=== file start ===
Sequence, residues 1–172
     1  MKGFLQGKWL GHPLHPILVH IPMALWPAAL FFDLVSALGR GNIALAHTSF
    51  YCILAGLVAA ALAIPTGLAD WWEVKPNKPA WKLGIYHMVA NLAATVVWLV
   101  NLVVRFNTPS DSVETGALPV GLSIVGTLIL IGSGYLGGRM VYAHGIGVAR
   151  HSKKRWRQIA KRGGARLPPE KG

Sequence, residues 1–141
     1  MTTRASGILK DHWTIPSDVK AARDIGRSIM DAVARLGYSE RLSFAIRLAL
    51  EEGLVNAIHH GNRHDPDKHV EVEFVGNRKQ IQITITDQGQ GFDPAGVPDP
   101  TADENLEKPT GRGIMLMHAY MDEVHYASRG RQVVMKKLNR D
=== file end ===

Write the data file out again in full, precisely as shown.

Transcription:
Sequence, residues 1–172
     1  MKGFLQGKWL GHPLHPILVH IPMALWPAAL FFDLVSALGR GNIALAHTSF
    51  YCILAGLVAA ALAIPTGLAD WWEVKPNKPA WKLGIYHMVA NLAATVVWLV
   101  NLVVRFNTPS DSVETGALPV GLSIVGTLIL IGSGYLGGRM VYAHGIGVAR
   151  HSKKRWRQIA KRGGARLPPE KG

Sequence, residues 1–141
     1  MTTRASGILK DHWTIPSDVK AARDIGRSIM DAVARLGYSE RLSFAIRLAL
    51  EEGLVNAIHH GNRHDPDKHV EVEFVGNRKQ IQITITDQGQ GFDPAGVPDP
   101  TADENLEKPT GRGIMLMHAY MDEVHYASRG RQVVMKKLNR D